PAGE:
Published: March 2014
In a world crawling with vampires, Romania is the safest place left on earth. Thanks to the Little Council, there hasn't been a vampire on Romanian ground in over five centuries, until one day when Liana Cantacuzino is ordered to bring one in, covertly.
Enter Maximilien Hess, a thousand-year-old vampire determined to ruin the existing order of things. When all is revealed, Hess's secret changes everything, and a reluctant alliance is formed because the alternative is much worse.
Thank you, Ioana Visan
Having in view the “Bram Stoker legacy”, how different expectations do you think the readers have from you as a Romanian author?
I don’t think the readers have any particular expectations really. Romanian literature isn’t as widely known abroad as we might like. Their expectations are the same for any writer when it comes to vampire books. After they hear it’s not erotica and it’s not YA either, part of the readers will move along and look for something else to read. Those who stay, I expect them to be curious and open minded. Who knows, maybe they’ll like it.
You use some names that send us directly to some big historical figures. There are some limits that cannot be ignored when the real historical data are changed?
I believe one should not touch the past. It’s a proof of who we are and where we come from. Without it, we cannot learn from our mistakes and our successes. This being said, I did use in the book names that are well-known to all Romanians who ever opened a history book. The Cantacuzinos, the Sturdzas, the Ghicas, and the Basarabs are prominent historical figures. However, my characters are descendants of these important families, and those who read the book will discover that I did nothing to damage their reputations, on the contrary, the features they’re famous for were preserved. These are good people, brave, and loyal to their country and their code.
One character that I did change is Vlad The Impaler. Thanks to Mr. Stoker, his character has been twisted in so many ways in so many books that he has become unrecognizable. So what I did was take what he was initially famous for—great strategic mind and leadership skills, sense of justice, and protector of freedom—and I placed him in a setting in which vampires did exist. From here to figuring out his next move was a simple step. He would have killed them all.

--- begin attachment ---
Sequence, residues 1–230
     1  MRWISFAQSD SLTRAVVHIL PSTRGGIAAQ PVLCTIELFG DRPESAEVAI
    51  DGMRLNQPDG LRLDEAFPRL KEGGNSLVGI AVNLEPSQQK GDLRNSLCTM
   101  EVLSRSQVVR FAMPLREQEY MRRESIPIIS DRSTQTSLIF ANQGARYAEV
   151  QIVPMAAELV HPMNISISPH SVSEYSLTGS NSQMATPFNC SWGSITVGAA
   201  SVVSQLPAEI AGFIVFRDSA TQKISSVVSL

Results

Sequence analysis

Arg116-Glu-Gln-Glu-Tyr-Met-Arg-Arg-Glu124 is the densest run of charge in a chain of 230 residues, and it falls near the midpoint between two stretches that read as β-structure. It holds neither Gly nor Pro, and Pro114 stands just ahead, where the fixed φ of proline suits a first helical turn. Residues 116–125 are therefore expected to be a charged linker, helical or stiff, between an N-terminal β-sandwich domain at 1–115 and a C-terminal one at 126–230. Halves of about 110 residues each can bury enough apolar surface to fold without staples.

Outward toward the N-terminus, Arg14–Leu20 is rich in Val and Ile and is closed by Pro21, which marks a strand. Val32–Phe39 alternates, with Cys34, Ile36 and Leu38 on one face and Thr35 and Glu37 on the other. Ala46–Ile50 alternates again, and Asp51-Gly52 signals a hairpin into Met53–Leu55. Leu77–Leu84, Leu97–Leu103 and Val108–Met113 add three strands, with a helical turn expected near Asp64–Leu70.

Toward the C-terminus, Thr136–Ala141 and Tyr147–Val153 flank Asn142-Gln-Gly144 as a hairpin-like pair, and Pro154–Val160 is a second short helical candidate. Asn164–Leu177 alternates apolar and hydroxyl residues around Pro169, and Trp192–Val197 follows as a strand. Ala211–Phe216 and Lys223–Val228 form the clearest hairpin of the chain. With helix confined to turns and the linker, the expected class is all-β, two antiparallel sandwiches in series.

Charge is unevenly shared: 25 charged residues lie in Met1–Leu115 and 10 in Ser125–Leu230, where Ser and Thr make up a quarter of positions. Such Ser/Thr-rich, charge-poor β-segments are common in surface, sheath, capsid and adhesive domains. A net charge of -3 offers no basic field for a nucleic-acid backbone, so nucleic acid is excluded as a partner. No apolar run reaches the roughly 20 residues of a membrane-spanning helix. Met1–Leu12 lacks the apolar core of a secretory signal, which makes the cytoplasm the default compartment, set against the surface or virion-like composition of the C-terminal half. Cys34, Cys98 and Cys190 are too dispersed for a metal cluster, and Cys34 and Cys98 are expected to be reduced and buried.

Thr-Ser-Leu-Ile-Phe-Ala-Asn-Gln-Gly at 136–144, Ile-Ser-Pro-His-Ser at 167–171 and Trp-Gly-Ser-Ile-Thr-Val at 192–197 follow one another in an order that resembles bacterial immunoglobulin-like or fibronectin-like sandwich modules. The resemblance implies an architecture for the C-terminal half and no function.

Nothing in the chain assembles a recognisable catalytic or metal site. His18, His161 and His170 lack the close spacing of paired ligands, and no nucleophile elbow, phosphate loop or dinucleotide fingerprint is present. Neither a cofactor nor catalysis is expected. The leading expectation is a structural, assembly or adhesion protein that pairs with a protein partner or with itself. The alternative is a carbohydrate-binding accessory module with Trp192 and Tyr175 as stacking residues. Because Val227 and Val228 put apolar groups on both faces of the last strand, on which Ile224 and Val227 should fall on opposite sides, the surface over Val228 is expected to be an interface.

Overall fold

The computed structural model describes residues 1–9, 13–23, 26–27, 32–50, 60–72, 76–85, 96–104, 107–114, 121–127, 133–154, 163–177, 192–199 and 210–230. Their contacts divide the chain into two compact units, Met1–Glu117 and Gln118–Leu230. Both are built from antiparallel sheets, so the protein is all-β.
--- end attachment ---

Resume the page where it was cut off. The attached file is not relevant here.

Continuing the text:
Who and how are your vampires? But your pandurs?
As if having one race of vampires wasn’t bad enough, there are two in the book. On one hand, we have regular vampires who live among humans in a semi-peace state, represented by the very old and rather charismatic Maximilien Hess. They’re basically humans with enhanced strength and dietary needs based on blood—nothing supernatural about it. On the other hand, there’s this new breed of feral vampires who are a threat to humans and vampires alike.
Funny thing about pandurs, one reader who browsed the book thought they were tanks and couldn’t understand what they were doing inside an airport or a tent. Well, they’re not tanks. They’re based on the real pandurs that existed during the XVIIIth and XIXth century. There are several historical mentions, a military unit during the Habsburg Monarchy, militia established by Tudor Vladimirescu in Wallachia, and frontier guard infantry in Croatia. In my alternate reality, the pandurs are skilled fighters, trained to kill vampires with yatagans—that would be Turkish swords with short, curved blades for those who never heard of them.
Why the novellas are needed in a series?
The story was not supposed to be this long initially. I only had plans for a novella and then move to something else. But the readers—the few selected ones who read it before it was published—wanted to know what happened next. And it made me wonder. What did happen after that? How did Liana solve the new breed problem? And so I ended up with three novellas and three connecting short stories. It only took a year to get them all out, and I’m glad they’re now all collected in the omnibus edition. I hope the waiting wasn’t too long and frustrating.
What a fantasy story must have and what a fantasy story should avoid?
A fantasy story, any story for that matter, must be original. It needs to bring something new. It also needs to make sense—yes, even the fantasy stories. As for what to avoid, as a reader I would say cliffhangers, but several writers would probably throw rocks at me. Let’s say they should starts from the premise that their readers aren’t idiots. So, yes, they should be challenging and not put our brain to sleep.
About the author:
Award-winning writer Ioana Visan has always dreamed about reaching the stars, but since she can't, she writes about it.
After fighting the apocalypse aftermath in "Human Instincts", she played with shapeshifters in “Blue Moon Café Series: Where Shifters Meet for Drinks”, and then she dealt with vampires in “The Impaler Legacy” series, before tackling longer works like a fantasy trilogy and a science fiction series.
Aside from publishing short stories in various Romanian magazines and anthologies, she published a short story collection "Efectul de nautil" and the Romanian edition of "Human Instincts".
She was awarded the Encouragement Award by The European Science Fiction Society at Eurocon 2013.
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